Monday, 15 June 2015

Minutes of 08/06/2015

Minutes of a Meeting on 08.06.2015 at Astley Bridge Cricket Club


Minutes of Last Meeting

The last meeting having centred on a talk on vegetable growing followed by a discussion of individual site grievances, there were no substantive minutes. Matters from the discussion etc. were tabled for our meeting with the Council on 05.06.2015




Item 1.1 The revised / “refreshed” operational management agreement

A new version of the OMA is being prepared and will be circulated to sites over the summer. The key points are:-

Potential Breaches of Tenancy

These are set out in the Tenancy Agreement - When a Society identifies a potential breach of tenancy it should report this (as part of the Monthly Report) together with supporting evidence e.g. photographs (in areas such as Health and Safety concerns, mal-cultivation and tipping) or written statements by named plot-holders (in cases such as abusive or threatening behaviour by plot-holders).

Withdrawing the term ‘Community Plot’

There is much confusion over what is meant by the term community plot. In future this term will not be used in OMAs or elsewhere. There will be no shared plots other than joint tenancies.

If a plot is being worked by a group of people then it will be called –“a plot being worked by a community organisation / group” and that organisation / group will have to nominate a single person to act as the official plot-holder. That person will be responsible for the payment of the rent on that plot. The Council will however allow the transfer of the tenancy of the plot to another nominated member of the organisation when / if this becomes necessary.

Probationary Plots

Under the refreshed OMA when a plot becomes vacant it will firstly be considered whether that plot can be split. (See previous advice on ABAS blog-site). This may create one or more smaller plots for letting. (The term half-plot is no longer used, we simply have plots of differing sizes).

Plots available for letting will be offered to prospective tenants for a probationary period (of up to a maximum of 6 months) at nil rental before potentially offering them the Tenancy of the plot. The Society will oversee the probationary period and if during that period there is sufficient evidence that the prospective tenant is capable of working the plot, they will inform the Council that a Tenancy should be offered. If at the end of the probationary period the Society feels that the prospective tenant has not performed satisfactorily then they may extend the probationary period or ask the prospective tenant to leave. If the prospective tenant does not agree to vacate the plot then the Society should provide evidence to support their decision and refer the matter to the Council who will determine if a tenancy should be offered. The tenant will then receive a Tenancy Agreement.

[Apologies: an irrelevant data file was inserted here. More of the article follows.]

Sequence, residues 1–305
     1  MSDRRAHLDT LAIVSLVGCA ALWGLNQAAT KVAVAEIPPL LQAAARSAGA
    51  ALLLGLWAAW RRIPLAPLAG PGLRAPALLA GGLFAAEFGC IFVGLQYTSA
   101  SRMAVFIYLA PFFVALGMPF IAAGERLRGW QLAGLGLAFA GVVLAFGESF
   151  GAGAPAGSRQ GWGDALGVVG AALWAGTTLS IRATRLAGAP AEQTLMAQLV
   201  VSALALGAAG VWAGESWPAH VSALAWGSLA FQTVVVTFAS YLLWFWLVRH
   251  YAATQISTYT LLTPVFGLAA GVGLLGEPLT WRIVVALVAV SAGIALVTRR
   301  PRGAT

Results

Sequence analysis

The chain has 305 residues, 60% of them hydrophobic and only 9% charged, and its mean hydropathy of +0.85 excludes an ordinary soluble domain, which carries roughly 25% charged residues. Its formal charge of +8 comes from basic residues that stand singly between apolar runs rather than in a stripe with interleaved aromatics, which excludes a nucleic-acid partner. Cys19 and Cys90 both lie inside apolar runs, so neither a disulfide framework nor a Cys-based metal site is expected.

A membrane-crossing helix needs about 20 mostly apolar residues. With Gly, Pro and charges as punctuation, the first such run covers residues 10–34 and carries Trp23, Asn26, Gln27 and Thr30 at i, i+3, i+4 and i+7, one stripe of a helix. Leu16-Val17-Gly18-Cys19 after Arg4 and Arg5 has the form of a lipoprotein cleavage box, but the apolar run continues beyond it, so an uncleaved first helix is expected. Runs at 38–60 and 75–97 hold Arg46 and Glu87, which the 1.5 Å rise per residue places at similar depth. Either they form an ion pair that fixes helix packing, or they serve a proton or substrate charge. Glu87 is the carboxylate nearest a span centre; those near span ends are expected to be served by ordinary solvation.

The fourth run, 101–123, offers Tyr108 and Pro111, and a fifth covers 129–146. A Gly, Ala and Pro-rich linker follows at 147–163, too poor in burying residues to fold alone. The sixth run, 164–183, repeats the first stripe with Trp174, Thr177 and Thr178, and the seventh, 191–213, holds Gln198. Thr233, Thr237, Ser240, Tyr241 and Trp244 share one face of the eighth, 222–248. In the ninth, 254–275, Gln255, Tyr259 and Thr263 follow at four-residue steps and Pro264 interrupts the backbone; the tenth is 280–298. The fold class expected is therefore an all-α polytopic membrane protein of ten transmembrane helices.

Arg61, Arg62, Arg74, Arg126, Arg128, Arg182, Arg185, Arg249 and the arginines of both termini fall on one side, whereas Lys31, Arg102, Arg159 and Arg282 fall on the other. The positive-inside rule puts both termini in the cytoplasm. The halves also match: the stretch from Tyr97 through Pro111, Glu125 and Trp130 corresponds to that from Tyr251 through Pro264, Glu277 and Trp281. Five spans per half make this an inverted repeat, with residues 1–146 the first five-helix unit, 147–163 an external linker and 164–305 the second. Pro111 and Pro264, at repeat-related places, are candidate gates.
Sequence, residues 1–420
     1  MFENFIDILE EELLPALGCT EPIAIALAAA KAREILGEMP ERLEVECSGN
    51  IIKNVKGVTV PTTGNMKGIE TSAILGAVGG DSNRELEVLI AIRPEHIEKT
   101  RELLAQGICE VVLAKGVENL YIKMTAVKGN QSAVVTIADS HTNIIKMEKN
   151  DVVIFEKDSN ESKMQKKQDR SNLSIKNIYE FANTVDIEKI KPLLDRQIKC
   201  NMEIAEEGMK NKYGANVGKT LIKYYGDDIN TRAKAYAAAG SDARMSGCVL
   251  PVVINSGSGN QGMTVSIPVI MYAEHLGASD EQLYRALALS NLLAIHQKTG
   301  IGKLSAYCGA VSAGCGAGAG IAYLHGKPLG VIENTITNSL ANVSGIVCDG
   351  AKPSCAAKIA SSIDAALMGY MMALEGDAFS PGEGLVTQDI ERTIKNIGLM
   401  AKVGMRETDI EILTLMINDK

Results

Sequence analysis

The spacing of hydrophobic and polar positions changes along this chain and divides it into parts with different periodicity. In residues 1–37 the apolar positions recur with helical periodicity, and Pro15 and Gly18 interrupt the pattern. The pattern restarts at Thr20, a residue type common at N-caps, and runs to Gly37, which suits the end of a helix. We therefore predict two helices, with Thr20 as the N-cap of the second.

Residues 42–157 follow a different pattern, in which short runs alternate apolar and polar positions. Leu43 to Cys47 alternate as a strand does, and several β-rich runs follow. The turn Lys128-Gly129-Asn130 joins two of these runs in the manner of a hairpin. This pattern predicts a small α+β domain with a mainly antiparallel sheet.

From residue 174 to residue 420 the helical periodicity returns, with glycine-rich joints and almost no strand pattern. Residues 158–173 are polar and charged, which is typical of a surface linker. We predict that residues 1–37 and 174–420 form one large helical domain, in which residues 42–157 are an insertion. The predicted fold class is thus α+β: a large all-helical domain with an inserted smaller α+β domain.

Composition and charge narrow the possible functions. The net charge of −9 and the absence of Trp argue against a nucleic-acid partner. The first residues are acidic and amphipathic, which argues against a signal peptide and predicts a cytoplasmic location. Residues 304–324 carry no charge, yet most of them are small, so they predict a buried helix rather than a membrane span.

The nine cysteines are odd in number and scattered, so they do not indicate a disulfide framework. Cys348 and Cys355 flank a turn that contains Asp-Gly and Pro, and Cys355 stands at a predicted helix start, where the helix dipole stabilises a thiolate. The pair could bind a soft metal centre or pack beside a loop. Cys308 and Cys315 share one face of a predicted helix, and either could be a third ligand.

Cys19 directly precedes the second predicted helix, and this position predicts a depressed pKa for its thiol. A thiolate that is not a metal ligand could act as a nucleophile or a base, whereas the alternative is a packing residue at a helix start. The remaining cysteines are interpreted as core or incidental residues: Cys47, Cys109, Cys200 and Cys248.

This exposes a flaw in current arrangements – the Council has previously stated that a site key will only be issued after a signed Tenancy Agreement has been returned to them. How then is a probationer to gain access to the plot during their probationary period? Societies will have to go back to providing keys (as most do at present) and tenants will have to pay for them.

Buddies - will after two years as a registered  buddy provided they are on the waiting list acquire the right either (if the plot-holder agrees) to become joint tenants. During that period they will have the normal rights of anyone on the waiting list, but a refusal of a vacant plot on the grounds that they are already working a plot will not result in any penalties.

Criteria for decision making

With the refreshed OMAs will come a new pack for Society Secretaries which will outline the current accepted criteria to be applied in devolved approval / rejection of requests to erect structures, keep poultry, bees etc. and provide new forms as appropriate.

Item 1.2 Inter-site Transfers

Where a tenant on a site wishes to transfer to another site within the Borough they may go on the waiting list for that site without needing to relinquish their current plot. If offered a plot on their desired site they would then need to vacate their existing tenancy.

Item 1.3 Day to day communications

Communications between the Societies and the Council should (except for emergencies and truly urgent matters) be through the revised MONTHLY REPORT

Societies should submit the Monthly report during the second week of each calendar month

The Allotment Section can then schedule its monthly meeting to collate these reports and make decisions etc.

If by 1 calendar month after the submission of an issue through a monthly report a Society has not received a response they should notify Abas (and send us a copy of the original report) we will then take the matter up with Malcolm Russell and report back to the next Abas meeting.